Refactoring 'Keywords' doesn't indicate errors on the Test Case that uses them until execution

A long time ago we noticed that you can just call Keywords like Classes and have been using them like that for a long time.

So our Test Cases look more like:

ActionUtil.cancelExistingActions(emplId, emplRcd)
Navigate.navigateToCreateJDC(emplId, emplRcd)

ActionInfoPopulate.populateAll(JDC_TYPE, ACTION_REASON_CODE, effDate)

ApptInfoVerify.verifyAllCreateEdit(DATA, index)

FacultySponsor.facultySponsorLookup(lookupFirstName, lookupLastName, lookupEmplId)
FacultySponsor.verify(newFacultySponsorName, selectEmplId, newFacultySponsorBusinessTitle)


FacultySponsor.verify(newFacultySponsorName, selectEmplId, newFacultySponsorBusinessTitle)


(Note all variables are defined at the top of the test).
Now if I was to change the verify class off of FacultySponsor and instead call it verifySponsorDetails. I could save the keyword just fine without an issue. The test case itself doesn’t indicate that it has a call to a Class.method that doesn’t exist anymore - until I go to execute it.

I was wondering if it would be possible to force the Test Case tree to show the red ‘x’ when that happens.
We had a developer rename a method recently and it affected the execution of 7 other Test Cases that we didn’t discover until the nightly execution.


Do you want Katalon Studio to do compile-time type checking so that it notifies you of a problem in your test case when you saved the changed keyword?

No, I do not think it is possible.
Katalon Studio uses a dynamically-typed language Groovy, not a statically-typed language Java. See difference of a dynamic language and a static language. Groovy is tolerant for syntactical discrepancies among classes (class A calls a method of class B which is missing) at compile time; which is a designed behavior.

IMHO, it is not a fault of KS. You are supposed to test every test cases by executing them to ensure they are running ok soon after and every time when you (and your developers) changed any part of your code.

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Using Katalon Studio, you have developed a set of automated UI tests. Then, you might be surprised to hear my opinion; the automated UI tests should be tested as well using some unit-testing frameworks.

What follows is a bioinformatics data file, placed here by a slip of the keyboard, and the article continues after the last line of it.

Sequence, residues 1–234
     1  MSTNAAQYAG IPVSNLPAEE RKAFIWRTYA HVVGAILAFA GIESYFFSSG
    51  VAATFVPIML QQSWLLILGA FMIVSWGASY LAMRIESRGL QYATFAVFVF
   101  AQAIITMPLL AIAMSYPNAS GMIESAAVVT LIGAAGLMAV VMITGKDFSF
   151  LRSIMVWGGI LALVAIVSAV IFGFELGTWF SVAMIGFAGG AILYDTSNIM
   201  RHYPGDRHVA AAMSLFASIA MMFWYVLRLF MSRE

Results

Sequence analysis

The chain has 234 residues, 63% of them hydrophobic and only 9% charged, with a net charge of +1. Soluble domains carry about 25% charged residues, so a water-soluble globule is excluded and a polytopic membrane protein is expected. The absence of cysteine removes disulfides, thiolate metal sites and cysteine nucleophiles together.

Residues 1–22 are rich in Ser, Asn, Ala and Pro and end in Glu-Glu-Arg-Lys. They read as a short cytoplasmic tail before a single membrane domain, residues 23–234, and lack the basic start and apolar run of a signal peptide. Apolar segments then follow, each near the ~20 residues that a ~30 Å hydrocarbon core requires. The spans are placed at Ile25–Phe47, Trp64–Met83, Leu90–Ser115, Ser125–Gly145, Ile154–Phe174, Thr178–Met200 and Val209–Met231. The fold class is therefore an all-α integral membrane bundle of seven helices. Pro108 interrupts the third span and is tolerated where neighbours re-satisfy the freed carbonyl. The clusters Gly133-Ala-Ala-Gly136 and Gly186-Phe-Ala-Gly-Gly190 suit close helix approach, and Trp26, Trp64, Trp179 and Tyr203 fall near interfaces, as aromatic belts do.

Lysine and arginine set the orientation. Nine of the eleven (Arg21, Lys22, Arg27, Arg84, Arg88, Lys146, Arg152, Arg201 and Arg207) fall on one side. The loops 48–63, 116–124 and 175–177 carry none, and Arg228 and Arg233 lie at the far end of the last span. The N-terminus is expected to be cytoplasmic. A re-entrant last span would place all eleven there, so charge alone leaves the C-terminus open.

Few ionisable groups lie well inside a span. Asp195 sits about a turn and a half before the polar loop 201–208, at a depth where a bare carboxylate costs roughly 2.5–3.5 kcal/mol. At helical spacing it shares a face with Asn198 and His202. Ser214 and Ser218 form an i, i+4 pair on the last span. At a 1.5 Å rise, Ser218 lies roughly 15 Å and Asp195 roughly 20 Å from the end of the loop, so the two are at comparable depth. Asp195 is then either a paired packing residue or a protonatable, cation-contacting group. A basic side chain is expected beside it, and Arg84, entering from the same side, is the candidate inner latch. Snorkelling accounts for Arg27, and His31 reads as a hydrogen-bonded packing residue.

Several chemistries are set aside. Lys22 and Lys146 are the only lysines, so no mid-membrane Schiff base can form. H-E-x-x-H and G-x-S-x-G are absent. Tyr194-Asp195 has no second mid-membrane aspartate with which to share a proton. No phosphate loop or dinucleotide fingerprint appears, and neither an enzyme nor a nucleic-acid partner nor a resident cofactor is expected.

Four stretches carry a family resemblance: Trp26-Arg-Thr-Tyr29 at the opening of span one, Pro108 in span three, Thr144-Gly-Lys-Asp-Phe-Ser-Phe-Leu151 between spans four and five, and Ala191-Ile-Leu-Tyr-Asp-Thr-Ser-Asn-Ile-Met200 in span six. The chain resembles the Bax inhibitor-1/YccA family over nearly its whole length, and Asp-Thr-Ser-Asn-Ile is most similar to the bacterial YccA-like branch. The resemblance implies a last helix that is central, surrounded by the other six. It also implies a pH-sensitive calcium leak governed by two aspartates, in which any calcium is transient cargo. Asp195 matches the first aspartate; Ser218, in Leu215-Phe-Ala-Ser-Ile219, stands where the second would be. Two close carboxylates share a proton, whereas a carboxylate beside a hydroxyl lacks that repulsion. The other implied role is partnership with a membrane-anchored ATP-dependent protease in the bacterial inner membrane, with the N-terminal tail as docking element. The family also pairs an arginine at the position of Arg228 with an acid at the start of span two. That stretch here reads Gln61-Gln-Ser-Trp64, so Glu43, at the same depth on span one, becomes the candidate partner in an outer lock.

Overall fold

Do you and your developers write unit tests for your own custom keywords?

I do unit-testing for my custom keywords in Katalon Studio with JUnit using my custom keyword junit4ks. See the following post of mine:

Also you can use Cucumber testing framework, which is built-in Katalon Studio, for unit-testing your custom keywords.

If you have a set of unit tests for your custom keywords, then your developers would be willing to execute it to ensure your custom keywords work as expected. If you do not have any unit tests for your custom keywords, nobody can be sure if your keywords and test suite work. In a long term without unit tests, it would be very difficult to control the quality/stability of your test suites.

Thanks, I clearly don’t understand groovy enough, I didn’t realize the difference. I was just used to using eclipse/intellij with java only.

That’s a great idea about the unit tests, I’ll be sure to check that out. Thanks!

I was wrong.

Let me change my opinion.

Sophisticated IDE product such as IntelliJ IDEA provides powerful Code inspections for Groovy.

I made a 2 Groovy classes:

  • my.Main
  • my.Greeting

Main calls Greeting.greet(name). It worked.

I removed the my.Greeting class. Then the editor changed in the Main’s view the color of references to the names Greeting and greet.

This experiment proves that IDEA can do authoring time code inspection for Groovy codes.

I just reported what I found.

I do not mean to request Katalon Studio should implement the same level of Code inspection as IDEA. No, I don’t need it. Executing JUnit-based unit tests in Katalon Studio is enough for me.